Snowbee 250 gr switch line (25 ft head) good all around line, it will cast large flies but is more clunky than the other lines mentioned, pairs well with 7-10’poly leaders

Other lines in the 250 to 300 grain range should cast well on this rod, such as the 240 or 270 airflo compact scandi, or any of the light skagits from rio or airflo, my favorite lines are the beulah and snowbee’s.

What it’s good for: Trout between 14″-25″, can distance cast well, light saltwater use for sea run cutthroat and coho jacks, windy conditions, single hand spey casting, stripping flies, overall a forgiving and easy to cast, versatile trout rod.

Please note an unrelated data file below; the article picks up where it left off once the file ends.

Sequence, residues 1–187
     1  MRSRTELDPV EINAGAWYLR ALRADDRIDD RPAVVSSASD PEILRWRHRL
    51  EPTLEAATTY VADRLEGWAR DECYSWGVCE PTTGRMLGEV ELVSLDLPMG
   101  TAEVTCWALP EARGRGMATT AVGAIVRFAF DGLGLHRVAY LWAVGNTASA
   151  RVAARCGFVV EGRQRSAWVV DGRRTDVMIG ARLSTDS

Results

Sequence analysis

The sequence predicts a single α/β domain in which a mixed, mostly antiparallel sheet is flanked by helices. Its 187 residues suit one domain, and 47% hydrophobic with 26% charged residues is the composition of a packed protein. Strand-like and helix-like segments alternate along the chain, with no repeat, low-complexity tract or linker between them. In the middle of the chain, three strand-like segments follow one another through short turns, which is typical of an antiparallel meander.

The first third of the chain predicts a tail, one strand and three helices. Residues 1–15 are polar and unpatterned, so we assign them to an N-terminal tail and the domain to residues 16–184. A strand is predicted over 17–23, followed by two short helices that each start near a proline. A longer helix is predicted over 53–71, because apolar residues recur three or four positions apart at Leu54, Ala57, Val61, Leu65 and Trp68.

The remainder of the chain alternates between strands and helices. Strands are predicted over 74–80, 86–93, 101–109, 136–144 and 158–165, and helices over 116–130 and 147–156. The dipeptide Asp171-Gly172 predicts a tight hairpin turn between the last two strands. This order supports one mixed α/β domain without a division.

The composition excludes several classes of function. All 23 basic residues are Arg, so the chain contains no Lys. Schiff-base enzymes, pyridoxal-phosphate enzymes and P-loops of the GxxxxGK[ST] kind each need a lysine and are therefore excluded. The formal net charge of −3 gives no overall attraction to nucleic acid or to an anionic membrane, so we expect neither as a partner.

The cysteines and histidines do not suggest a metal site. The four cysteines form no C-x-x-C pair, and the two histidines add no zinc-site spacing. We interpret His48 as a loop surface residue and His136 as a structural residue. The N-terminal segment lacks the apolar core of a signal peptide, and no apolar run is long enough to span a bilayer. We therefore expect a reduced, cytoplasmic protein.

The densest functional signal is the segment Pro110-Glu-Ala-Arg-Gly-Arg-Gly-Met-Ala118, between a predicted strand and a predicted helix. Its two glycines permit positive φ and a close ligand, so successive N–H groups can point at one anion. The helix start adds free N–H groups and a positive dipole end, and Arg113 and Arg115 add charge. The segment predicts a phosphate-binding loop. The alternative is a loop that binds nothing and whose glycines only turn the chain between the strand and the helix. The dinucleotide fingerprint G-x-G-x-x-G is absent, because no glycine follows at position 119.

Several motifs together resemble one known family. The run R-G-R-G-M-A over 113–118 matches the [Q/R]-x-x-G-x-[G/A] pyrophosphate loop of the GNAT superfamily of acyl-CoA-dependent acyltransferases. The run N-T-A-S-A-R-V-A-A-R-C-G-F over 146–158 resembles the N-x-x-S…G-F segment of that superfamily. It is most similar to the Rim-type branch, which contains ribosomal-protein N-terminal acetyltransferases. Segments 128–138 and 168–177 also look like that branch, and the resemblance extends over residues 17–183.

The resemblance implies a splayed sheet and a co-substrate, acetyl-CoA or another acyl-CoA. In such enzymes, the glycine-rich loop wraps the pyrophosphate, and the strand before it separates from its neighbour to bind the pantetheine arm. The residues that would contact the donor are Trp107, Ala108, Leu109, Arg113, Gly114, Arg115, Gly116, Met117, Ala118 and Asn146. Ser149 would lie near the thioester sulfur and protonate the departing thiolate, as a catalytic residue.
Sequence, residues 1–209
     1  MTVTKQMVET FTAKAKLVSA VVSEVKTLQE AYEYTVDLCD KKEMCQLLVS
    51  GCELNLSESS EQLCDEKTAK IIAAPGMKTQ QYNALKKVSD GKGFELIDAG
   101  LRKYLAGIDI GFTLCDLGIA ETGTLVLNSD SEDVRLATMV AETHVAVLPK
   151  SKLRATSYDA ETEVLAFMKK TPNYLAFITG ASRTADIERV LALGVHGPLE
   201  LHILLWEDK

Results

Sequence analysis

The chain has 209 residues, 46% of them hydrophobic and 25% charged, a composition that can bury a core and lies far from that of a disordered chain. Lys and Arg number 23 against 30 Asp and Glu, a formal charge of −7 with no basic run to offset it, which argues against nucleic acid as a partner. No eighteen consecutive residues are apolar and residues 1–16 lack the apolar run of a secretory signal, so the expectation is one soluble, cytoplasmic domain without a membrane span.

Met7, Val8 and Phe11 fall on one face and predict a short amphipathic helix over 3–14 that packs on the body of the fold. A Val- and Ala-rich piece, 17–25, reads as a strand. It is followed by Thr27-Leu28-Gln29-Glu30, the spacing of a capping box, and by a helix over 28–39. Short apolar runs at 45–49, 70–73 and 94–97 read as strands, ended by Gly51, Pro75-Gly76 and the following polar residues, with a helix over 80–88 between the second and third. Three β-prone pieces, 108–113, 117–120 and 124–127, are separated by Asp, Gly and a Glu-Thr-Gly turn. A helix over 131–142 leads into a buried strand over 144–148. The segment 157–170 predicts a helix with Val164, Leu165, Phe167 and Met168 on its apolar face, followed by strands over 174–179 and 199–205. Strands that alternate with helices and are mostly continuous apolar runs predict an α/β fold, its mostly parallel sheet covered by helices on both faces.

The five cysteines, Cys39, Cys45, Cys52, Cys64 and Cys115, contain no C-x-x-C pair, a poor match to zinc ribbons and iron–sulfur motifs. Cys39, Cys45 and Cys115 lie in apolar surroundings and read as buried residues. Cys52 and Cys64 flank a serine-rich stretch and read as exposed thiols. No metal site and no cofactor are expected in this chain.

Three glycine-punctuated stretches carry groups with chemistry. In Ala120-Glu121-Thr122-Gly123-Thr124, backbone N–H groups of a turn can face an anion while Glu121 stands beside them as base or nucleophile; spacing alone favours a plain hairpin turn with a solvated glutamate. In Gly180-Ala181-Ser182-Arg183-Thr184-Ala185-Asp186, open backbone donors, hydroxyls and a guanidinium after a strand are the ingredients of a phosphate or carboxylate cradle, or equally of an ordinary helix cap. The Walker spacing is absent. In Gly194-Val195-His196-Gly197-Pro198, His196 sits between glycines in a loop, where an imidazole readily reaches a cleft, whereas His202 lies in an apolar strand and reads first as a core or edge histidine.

DSCF7208

I wouldn’t recommend: Larger coho and other salmon, summer steelhead, while it could handle smaller specimens no problem, I think a ten pound coho or summer would have it’s way with this rod.

As far as I know the only shop that carries them here on the island is the Nile Creek Fly Shop up in Bowser, but many shops carry them in the east. If you are looking for a new rod, check them out and give them a try, I highly recommend them.

http://www.mysticoutdoors.com/